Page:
Mr Murimi missed the boat with this one. Why he chose Samuel's story to tell is a question only he can answer. There was a roomful of young gay men, living in Lagos, living in fear...their stories sounded far more interesting than the one told. It really was a case of: Choose your [main] subject more wisely!
by Abel Ferrara
Laden with symbolism and mysticism...the result is a cryptic, incomprehensible mindf&*k!
Not got much to say about this...simply because, had no idea, not even an iota of what was going on. It's a dream, Abel Ferrara's dream...and, just like every other dream, it's personal and really doesn't need to be shared.
Yes...the cinematography is fantastic. Some of the imagery is inspired and controversial, well, it wouldn't be a Ferrara film without the obligatory controversy...and, alas, it all amounts to a monumental anti-climax. Make what you will of it...many have slapped their own interpretations down on paper...as futile as buying a cheap paperback entitled: Understand Your Dreams!
Only Abel Ferrara understands what the Dickens is going on.
Sound for the Future
by Matt Hulse
A toe-curling vanity project...bamboozling as to how and why this even got funded by both Creative Scotland & England...
Reading the blurb, you would be forgiven in thinking that The Hippies were indeed a force to be reckoned with...they were not. They were three kids [2 brothers and a sister] playing. Matt Hulse, definitely suffering from [imagined] middle kid syndrome, has made them out to be so much more than they were. Even his older brother refused to take part in the film, everyone else should have followed suit.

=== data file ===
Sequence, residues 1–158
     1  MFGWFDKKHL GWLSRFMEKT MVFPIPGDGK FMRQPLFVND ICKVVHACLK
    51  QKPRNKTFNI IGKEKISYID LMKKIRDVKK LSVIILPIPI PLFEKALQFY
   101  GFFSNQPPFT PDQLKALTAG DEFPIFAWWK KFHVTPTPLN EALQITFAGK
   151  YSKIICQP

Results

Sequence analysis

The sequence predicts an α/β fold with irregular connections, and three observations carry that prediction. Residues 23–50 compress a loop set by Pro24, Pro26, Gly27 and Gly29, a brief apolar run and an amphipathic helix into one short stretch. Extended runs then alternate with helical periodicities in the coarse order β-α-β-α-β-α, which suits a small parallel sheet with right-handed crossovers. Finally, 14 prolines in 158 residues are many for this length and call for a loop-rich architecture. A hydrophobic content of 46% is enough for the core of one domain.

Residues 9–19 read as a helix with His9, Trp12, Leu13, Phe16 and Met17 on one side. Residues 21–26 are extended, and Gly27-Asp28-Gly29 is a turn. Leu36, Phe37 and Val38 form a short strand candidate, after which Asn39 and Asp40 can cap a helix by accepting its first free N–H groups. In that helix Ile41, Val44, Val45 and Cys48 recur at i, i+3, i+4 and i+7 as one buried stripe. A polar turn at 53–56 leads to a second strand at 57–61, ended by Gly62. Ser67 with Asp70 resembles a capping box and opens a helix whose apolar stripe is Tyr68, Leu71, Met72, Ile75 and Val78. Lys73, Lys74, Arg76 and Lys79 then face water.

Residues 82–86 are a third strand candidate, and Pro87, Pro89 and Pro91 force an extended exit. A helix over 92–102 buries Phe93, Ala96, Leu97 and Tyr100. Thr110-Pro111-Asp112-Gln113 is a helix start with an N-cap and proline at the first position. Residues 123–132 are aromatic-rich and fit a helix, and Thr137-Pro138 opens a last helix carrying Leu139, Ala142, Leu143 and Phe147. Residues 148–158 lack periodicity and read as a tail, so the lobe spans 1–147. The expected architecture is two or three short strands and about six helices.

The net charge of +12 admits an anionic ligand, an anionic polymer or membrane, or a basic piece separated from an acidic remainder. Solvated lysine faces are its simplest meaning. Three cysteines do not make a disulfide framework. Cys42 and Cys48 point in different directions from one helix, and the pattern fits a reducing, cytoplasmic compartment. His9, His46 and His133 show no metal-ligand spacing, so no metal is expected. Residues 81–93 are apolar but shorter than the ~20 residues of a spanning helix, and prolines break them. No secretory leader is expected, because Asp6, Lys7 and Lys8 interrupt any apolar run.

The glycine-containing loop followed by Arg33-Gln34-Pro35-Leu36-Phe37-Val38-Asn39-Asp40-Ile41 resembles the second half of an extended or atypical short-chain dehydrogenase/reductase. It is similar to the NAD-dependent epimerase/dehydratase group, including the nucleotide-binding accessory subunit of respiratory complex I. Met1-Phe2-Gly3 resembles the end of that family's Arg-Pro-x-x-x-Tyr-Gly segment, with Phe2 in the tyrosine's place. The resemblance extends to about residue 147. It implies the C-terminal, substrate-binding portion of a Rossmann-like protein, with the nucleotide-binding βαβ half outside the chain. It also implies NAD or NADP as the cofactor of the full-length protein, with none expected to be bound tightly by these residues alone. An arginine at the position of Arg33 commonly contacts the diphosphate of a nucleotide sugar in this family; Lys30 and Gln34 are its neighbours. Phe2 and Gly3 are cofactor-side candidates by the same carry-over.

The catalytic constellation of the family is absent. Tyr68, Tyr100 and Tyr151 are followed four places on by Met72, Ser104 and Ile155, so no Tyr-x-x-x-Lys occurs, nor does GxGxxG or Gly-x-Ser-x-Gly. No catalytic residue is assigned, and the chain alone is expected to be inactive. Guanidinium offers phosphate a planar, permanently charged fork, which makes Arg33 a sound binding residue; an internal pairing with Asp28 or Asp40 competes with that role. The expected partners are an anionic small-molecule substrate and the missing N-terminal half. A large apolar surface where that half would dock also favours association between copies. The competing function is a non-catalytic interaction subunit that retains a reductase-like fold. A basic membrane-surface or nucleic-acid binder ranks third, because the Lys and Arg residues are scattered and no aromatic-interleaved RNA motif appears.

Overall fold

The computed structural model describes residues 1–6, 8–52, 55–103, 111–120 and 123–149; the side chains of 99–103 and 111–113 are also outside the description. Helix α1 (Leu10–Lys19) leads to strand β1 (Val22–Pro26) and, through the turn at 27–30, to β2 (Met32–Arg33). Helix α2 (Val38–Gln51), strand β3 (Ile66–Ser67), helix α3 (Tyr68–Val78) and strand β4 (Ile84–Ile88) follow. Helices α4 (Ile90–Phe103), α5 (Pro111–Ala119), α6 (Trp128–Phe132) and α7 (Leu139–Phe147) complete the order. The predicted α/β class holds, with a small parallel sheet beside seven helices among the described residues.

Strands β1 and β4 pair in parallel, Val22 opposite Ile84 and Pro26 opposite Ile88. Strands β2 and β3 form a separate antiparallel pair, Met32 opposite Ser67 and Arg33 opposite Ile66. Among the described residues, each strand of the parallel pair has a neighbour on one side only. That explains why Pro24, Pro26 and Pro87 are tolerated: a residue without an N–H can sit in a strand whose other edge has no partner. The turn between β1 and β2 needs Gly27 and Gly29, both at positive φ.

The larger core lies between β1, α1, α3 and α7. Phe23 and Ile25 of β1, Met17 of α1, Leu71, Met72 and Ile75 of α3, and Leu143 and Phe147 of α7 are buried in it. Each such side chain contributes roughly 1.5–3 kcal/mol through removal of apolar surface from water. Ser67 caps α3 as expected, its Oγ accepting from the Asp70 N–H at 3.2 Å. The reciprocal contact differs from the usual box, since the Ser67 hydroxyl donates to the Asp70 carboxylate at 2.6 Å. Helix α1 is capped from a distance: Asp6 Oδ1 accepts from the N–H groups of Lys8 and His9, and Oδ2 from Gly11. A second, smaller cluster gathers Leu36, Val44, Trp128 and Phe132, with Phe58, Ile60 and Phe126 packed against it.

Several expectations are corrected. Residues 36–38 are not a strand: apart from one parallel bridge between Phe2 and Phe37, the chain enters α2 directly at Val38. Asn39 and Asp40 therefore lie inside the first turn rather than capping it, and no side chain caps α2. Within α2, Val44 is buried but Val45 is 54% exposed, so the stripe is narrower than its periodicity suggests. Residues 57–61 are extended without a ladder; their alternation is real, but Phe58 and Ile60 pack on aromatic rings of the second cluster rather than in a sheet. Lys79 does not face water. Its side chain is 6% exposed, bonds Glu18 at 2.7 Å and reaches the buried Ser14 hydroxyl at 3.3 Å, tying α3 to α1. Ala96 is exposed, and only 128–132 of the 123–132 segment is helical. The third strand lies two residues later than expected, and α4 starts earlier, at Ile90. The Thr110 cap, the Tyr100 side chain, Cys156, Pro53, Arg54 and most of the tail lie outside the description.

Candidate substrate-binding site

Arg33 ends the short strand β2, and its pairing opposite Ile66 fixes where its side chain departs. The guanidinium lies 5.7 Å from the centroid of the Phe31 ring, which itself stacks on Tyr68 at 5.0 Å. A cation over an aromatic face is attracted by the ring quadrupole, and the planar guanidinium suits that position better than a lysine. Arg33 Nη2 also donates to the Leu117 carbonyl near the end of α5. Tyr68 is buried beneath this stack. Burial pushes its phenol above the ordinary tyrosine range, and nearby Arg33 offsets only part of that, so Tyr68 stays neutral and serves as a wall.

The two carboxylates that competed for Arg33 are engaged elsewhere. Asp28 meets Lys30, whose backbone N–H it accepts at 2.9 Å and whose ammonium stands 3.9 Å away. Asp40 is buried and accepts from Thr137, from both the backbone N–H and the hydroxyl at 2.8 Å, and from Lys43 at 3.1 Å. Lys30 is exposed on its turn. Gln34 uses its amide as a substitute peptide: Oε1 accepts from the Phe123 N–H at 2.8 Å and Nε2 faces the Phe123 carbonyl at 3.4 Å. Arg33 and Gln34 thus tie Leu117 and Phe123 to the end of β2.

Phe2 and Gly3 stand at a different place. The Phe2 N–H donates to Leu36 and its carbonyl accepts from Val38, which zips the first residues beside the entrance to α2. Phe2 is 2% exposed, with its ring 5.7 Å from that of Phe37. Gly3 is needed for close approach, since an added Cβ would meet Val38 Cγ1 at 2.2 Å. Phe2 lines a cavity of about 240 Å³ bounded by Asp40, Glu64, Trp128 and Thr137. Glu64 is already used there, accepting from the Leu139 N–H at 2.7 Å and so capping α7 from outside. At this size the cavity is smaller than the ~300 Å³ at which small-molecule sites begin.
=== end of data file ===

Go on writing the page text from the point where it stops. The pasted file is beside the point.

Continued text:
A few things that will surely enrage most...the desecration of Malcolm McLaren's grave [shameful and criminal] and the pointless, money-squandering trip to Beijing...to get his old toy Snoopy a bespoke tailored suit! And a bizarre, inappropriate and incongruous conversation about homosexuality!
It really is too easy to rip this 'film' apart...the parents of the kids who took part must be pretty disgruntled at the result...this is what happens when a self-entitled narcissist is given public funds.
Never Gonna Snow Again
by Malgorzata Szumowska & Michal Englert
Is he the second coming or just a masseur with gifted fingers? You decide!
Because...the writer/directors don't give too much away...which is a good thing. Ambiguity reigns supreme in this subtle but punishing attack on the discrepancies of modern-day Poland...with its re-elected homophobic leaders and its bare-faced, shameless [and shameful] flouting of European treatise - expunge this country with its disgusting LGBT-free zones! But that's too vitriolic for this film...this is a far more genteel and gentle approach at vilification - so much so, that many of the jabs will be missed entirely...with the first viewing!